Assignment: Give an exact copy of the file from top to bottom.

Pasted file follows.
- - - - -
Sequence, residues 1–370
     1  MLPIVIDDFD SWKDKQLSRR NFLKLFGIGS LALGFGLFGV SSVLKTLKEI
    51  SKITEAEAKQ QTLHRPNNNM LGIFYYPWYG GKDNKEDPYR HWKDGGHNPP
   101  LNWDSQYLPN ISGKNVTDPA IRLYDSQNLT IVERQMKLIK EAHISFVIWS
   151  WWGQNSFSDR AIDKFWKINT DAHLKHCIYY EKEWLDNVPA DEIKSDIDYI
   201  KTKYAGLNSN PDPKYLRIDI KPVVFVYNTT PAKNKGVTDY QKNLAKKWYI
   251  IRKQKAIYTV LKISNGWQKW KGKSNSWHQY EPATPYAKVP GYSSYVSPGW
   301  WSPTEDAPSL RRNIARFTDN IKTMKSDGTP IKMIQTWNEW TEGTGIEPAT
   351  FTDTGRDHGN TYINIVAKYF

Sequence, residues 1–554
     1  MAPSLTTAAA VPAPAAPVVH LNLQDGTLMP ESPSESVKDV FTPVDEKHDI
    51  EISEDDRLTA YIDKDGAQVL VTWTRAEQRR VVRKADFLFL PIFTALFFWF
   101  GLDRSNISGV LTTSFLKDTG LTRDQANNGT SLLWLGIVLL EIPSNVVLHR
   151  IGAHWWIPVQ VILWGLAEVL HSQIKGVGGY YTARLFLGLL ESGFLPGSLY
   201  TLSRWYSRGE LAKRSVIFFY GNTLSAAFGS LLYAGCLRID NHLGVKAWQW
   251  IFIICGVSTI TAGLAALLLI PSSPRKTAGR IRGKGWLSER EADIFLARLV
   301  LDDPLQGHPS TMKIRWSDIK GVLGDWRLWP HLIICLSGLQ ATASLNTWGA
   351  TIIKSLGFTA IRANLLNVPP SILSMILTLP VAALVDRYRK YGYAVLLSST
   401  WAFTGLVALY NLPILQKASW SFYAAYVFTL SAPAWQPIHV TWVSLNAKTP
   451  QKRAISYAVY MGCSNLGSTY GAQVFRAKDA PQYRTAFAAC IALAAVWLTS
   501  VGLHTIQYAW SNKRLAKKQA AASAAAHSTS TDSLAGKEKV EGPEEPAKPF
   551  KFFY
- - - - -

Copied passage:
Sequence, residues 1–370
     1  MLPIVIDDFD SWKDKQLSRR NFLKLFGIGS LALGFGLFGV SSVLKTLKEI
    51  SKITEAEAKQ QTLHRPNNNM LGIFYYPWYG GKDNKEDPYR HWKDGGHNPP
   101  LNWDSQYLPN ISGKNVTDPA IRLYDSQNLT IVERQMKLIK EAHISFVIWS
   151  WWGQNSFSDR AIDKFWKINT DAHLKHCIYY EKEWLDNVPA DEIKSDIDYI
   201  KTKYAGLNSN PDPKYLRIDI KPVVFVYNTT PAKNKGVTDY QKNLAKKWYI
   251  IRKQKAIYTV LKISNGWQKW KGKSNSWHQY EPATPYAKVP GYSSYVSPGW
   301  WSPTEDAPSL RRNIARFTDN IKTMKSDGTP IKMIQTWNEW TEGTGIEPAT
   351  FTDTGRDHGN TYINIVAKYF

Sequence, residues 1–554
     1  MAPSLTTAAA VPAPAAPVVH LNLQDGTLMP ESPSESVKDV FTPVDEKHDI
    51  EISEDDRLTA YIDKDGAQVL VTWTRAEQRR VVRKADFLFL PIFTALFFWF
   101  GLDRSNISGV LTTSFLKDTG LTRDQANNGT SLLWLGIVLL EIPSNVVLHR
   151  IGAHWWIPVQ VILWGLAEVL HSQIKGVGGY YTARLFLGLL ESGFLPGSLY
   201  TLSRWYSRGE LAKRSVIFFY GNTLSAAFGS LLYAGCLRID NHLGVKAWQW
   251  IFIICGVSTI TAGLAALLLI PSSPRKTAGR IRGKGWLSER EADIFLARLV
   301  LDDPLQGHPS TMKIRWSDIK GVLGDWRLWP HLIICLSGLQ ATASLNTWGA
   351  TIIKSLGFTA IRANLLNVPP SILSMILTLP VAALVDRYRK YGYAVLLSST
   401  WAFTGLVALY NLPILQKASW SFYAAYVFTL SAPAWQPIHV TWVSLNAKTP
   451  QKRAISYAVY MGCSNLGSTY GAQVFRAKDA PQYRTAFAAC IALAAVWLTS
   501  VGLHTIQYAW SNKRLAKKQA AASAAAHSTS TDSLAGKEKV EGPEEPAKPF
   551  KFFY